Due to their observed behaviour prior to the ITP episode, Criteo’s incorporation into the Acceptable Ads in December 2015 aroused criticism among users of ad blockers. We have written elsewhere about how Acceptable Ads creates a clash of interests between adblocking companies and their users, especially those concerned with their privacy. But Criteo’s participation in Acceptable Ads brings into focus the substantive problem with the program itself. The criteria for Acceptable Ads are concerned chiefly with format and aesthetic aspects (e.g. How big is the ad? How visually intrusive? Does it blink?) and excludes privacy concerns. Retargeting is unpopular and mocked by users, in part because it wears its creepy tracking practices on its sleeve. Our view is that Criteo’s bad behavior should exclude its products from being deemed “acceptable” in any way.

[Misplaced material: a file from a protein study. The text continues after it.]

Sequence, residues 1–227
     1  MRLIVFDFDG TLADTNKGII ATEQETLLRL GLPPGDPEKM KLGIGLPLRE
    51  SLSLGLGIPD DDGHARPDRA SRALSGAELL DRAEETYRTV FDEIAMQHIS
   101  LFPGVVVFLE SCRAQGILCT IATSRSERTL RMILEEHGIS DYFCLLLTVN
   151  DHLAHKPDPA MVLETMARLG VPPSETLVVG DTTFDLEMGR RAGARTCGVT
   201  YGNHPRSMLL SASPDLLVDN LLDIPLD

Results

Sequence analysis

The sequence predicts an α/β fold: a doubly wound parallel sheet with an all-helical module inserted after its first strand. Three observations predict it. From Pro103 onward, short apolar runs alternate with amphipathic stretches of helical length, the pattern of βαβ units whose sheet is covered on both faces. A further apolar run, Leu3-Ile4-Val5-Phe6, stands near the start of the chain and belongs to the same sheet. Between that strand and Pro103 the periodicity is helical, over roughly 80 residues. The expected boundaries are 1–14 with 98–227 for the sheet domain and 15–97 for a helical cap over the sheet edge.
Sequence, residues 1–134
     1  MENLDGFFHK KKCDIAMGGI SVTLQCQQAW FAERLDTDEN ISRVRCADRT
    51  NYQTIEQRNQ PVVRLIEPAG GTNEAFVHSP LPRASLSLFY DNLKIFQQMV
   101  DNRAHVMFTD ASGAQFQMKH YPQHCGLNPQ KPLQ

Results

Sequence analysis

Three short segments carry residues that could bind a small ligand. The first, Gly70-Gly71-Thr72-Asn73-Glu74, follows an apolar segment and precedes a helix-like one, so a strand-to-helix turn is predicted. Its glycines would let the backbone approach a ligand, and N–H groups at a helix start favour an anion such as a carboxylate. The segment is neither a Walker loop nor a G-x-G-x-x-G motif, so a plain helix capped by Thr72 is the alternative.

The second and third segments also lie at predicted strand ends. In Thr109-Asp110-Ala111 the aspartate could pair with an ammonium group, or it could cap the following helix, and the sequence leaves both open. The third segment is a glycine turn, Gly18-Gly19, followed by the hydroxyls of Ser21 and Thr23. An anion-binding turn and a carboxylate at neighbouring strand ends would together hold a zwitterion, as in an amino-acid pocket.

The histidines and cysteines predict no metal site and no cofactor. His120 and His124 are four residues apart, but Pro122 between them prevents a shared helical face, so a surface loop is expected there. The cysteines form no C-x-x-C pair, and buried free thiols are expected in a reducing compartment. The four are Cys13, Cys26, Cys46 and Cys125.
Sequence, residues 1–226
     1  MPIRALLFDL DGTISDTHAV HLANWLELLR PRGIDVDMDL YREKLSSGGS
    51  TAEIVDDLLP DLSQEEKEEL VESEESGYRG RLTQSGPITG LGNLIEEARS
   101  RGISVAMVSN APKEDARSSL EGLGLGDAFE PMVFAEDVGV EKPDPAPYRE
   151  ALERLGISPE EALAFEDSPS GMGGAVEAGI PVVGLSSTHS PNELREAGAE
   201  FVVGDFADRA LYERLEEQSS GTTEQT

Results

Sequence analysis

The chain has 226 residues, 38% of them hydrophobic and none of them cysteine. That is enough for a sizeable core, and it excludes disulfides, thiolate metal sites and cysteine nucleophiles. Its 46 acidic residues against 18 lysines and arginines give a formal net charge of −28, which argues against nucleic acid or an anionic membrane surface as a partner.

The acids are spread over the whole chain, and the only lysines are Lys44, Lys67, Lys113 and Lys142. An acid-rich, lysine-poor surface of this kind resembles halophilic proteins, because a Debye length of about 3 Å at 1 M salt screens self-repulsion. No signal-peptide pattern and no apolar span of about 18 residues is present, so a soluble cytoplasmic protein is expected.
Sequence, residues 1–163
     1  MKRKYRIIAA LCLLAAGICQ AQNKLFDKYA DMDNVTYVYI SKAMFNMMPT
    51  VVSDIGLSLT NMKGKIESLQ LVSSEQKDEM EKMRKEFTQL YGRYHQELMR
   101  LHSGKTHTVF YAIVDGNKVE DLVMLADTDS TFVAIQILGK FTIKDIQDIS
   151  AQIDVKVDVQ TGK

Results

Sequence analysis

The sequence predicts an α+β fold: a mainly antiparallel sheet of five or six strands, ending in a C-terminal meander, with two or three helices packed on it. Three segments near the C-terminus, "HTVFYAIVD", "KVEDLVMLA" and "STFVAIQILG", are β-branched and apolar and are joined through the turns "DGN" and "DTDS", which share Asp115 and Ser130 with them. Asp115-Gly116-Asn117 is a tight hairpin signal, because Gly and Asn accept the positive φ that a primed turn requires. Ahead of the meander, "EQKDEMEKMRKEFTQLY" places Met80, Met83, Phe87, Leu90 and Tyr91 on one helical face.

The fact that the Acceptable Ads Initiative has approved Criteo’s user-tracking-by-misusing-security-features ads is indicative of the privacy problems we believe to be at the heart of the Acceptable Ads program. In March this year, Eyeo announced an Acceptable Ads Committee that will control the criteria for Acceptable Ads in the future. The Committee should start by instituting a rule which excludes companies that circumvent explicit privacy tools or exploit user security technologies for the purpose of tracking.

    1. http://criteo.investorroom.com/download/Transcript_Q3+2017+Earnings_EDITED.pdf

    https://www.eff.org/deeplinks/2017/12/arms-race-against-trackers-safari-leads-criteo-30